Foreign Perspective: Happy Chinese New Year!

If you’ve ever studied abroad, then you know what it’s like to be submerged in an entirely foreign culture. But have you ever wondered what it’s like on the flip side of the experience – what it’s like for someone going abroad to America? Join columnists Amy Chilcott, of Australia, and Kasumi Hirokawa, of China, as they encounter all things American and Penn State – and tell it as they see it the way only one with a foreign perspective can.


This Friday marks the beginning of the Year of the Horse and the fourth time I’ll miss out on the red and gold, firecracker-bursting and food coma-filled glory that is Chinese New Year (also known as Spring Festival).

If you don’t know what Chinese New Year (CNY for convenience) is, try this. First, imagine Fourth of July, Christmas and New Year’s Eve all happening on the same week. Second, swap the turkey and BBQ with fish, dumplings and rice cake. Third, subtract all colors except for red and gold – now you have a pretty solid idea of what it  at least looks like.

Here are some of the things you’ll see at my house around the most festive time of the Lunar year: 

Family dinners

Much like the American New Year’s Eve, everyone stays up late on the night before the New Year’s watching music performances and disastrous outfits on Spring Festival Gala (a lot like Grammy’s minus the awards) live on TV or lighting fireworks. We usually eat at my dad’s side of the family on CNYE and dine with my mom’s side of the family the next day. There is no right or wrong way to have CNY dinners. My paternal grandma invites people to her place where she and my aunts cook the food while my slightly more well-to-do maternal grandma reserves a VIP room at a restaurant.

New Year’s greetings

CNY greetings can happen anywhere, with anyone. You greet the people in your family and even people who live near you. But keep in mind that you do have to pay attention to who you greet first. Traditionally, the youngest of the family offers New Year’s greetings to the most senior members of the family and work his or her way down the seniority social ladder. Senior members, when greeted, will hand out a red envelope containing a small sum of money as a gratitude to the child offering the greeting. Who doesn’t want that?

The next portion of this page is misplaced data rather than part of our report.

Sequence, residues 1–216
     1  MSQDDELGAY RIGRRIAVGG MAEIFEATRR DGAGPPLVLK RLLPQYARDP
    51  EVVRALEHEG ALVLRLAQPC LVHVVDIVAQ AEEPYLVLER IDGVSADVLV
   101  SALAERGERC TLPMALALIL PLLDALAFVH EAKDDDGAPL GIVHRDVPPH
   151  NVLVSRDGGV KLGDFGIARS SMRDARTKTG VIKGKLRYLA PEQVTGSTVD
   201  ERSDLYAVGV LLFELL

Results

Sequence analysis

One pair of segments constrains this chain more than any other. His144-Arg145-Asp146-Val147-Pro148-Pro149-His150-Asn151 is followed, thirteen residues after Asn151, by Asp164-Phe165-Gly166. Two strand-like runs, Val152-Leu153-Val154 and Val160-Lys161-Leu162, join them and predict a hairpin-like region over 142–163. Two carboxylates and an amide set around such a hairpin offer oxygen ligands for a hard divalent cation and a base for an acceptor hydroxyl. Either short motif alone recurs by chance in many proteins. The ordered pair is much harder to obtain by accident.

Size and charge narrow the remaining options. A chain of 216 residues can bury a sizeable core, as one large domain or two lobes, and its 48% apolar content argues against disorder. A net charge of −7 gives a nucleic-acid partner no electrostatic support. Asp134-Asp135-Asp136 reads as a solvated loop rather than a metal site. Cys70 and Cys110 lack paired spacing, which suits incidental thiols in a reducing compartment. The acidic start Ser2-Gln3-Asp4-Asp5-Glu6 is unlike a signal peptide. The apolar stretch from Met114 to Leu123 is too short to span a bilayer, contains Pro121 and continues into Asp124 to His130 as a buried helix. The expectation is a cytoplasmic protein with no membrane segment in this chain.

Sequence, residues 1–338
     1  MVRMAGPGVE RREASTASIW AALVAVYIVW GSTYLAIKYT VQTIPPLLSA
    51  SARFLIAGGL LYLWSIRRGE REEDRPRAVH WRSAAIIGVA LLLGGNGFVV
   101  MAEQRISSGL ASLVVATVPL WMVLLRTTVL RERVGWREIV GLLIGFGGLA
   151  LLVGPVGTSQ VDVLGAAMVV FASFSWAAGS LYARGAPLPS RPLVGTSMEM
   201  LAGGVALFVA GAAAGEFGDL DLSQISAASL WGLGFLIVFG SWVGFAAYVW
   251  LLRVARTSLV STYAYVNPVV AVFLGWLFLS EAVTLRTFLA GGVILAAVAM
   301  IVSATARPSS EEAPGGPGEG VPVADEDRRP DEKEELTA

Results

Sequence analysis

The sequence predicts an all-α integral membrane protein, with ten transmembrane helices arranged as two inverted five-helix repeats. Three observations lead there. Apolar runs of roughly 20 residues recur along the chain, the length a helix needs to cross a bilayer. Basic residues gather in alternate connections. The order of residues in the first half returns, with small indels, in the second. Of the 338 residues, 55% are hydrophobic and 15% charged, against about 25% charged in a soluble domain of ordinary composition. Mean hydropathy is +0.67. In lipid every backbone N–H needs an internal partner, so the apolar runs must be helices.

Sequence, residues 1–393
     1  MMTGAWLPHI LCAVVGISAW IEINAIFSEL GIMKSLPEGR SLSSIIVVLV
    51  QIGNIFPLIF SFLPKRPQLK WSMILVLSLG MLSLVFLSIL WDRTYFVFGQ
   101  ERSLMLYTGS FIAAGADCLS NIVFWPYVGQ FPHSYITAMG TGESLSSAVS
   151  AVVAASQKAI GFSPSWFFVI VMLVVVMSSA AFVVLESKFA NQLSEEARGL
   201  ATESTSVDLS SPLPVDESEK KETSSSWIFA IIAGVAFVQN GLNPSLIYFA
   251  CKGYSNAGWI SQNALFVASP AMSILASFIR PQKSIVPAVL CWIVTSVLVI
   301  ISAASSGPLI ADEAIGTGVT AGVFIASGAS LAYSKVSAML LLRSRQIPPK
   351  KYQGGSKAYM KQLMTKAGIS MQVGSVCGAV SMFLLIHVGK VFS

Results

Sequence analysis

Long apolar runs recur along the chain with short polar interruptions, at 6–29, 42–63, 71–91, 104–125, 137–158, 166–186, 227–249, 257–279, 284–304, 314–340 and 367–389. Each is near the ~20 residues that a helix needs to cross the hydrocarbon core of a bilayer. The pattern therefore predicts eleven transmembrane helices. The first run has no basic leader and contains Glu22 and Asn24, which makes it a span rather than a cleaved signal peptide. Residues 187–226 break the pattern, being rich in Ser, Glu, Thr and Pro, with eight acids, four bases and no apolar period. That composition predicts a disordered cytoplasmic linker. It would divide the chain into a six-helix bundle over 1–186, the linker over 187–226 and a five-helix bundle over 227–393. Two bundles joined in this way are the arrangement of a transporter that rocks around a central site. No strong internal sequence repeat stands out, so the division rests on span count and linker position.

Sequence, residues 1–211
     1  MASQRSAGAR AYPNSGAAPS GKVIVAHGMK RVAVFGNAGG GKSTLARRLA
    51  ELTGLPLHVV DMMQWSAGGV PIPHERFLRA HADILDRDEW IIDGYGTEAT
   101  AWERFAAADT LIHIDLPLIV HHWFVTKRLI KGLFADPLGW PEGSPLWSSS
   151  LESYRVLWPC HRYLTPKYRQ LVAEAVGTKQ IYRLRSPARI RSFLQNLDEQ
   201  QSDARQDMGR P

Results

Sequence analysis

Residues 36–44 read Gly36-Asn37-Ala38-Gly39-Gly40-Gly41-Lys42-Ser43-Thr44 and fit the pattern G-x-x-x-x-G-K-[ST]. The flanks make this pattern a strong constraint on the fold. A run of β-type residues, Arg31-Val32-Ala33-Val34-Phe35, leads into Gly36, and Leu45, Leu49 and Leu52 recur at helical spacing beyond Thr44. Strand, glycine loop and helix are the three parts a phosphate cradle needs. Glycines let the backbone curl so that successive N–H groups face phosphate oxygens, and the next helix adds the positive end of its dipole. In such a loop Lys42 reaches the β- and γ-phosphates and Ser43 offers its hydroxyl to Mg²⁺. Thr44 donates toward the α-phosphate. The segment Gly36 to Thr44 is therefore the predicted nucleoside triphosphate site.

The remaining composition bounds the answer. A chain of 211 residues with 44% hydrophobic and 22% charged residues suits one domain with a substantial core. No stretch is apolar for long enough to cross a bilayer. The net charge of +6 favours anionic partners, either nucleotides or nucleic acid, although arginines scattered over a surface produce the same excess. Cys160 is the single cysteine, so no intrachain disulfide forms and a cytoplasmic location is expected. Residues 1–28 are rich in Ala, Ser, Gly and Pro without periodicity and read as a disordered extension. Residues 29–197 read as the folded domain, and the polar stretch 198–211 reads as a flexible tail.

Spring Festival paper cutouts and banners

Nothing gets us into the spirit quite like red paper cutouts and banners hung on doors and windows do. The cleaning lady who works at my house says her family likes to go all-out and deck the house out in red and gold during the holiday. At my house, we like to keep it simple and hang a handful of red longevity knots and fish charms with gold embroidery on walls. You are supposed to sweep your house clean before decorating to get the bad luck from the previous year out, but that’s not mandatory (you didn’t hear it from me!).

Chinese New Year foods

Steamed dumplings and hot pot are always popular savory options. We like the dumplings with plates of steamed fish, sautéed vegetables and finish off with rice cakes and glutinous rice balls in sweet soup. If you still have room, my grandma would nudge you to have some diced cantaloupe as well. She would give you a bowl even if your stomach is about to explode, anyway. No one leaves her house hungry.

Firecracker showdowns

A major difference between the fireworks on Fourth of July and the ones on Chinese New Year is that the CNY one is not a display. It’s a competition. There are several versions of origin stories as to why people light firecrackers and fireworks. One is that the loud noise will scare away a human-eating beast, Nian, whose name is the Chinese word for year (because spending CNY was about surviving Nian, I guess). Another is that firecrackers are part of the offerings for the Kitchen God, who stays on earth and watches over households at the end of each Lunar year and returns to the heaven the night before New Year’s Eve. People say the household with the loudest noise (and most delicious candy offerings?) will be blessed with good fortune and money.

I hope this year brings you joy and happiness. Xin (pronounced ‘shin’) nian kuai le!

Photo by Ziyan Sha


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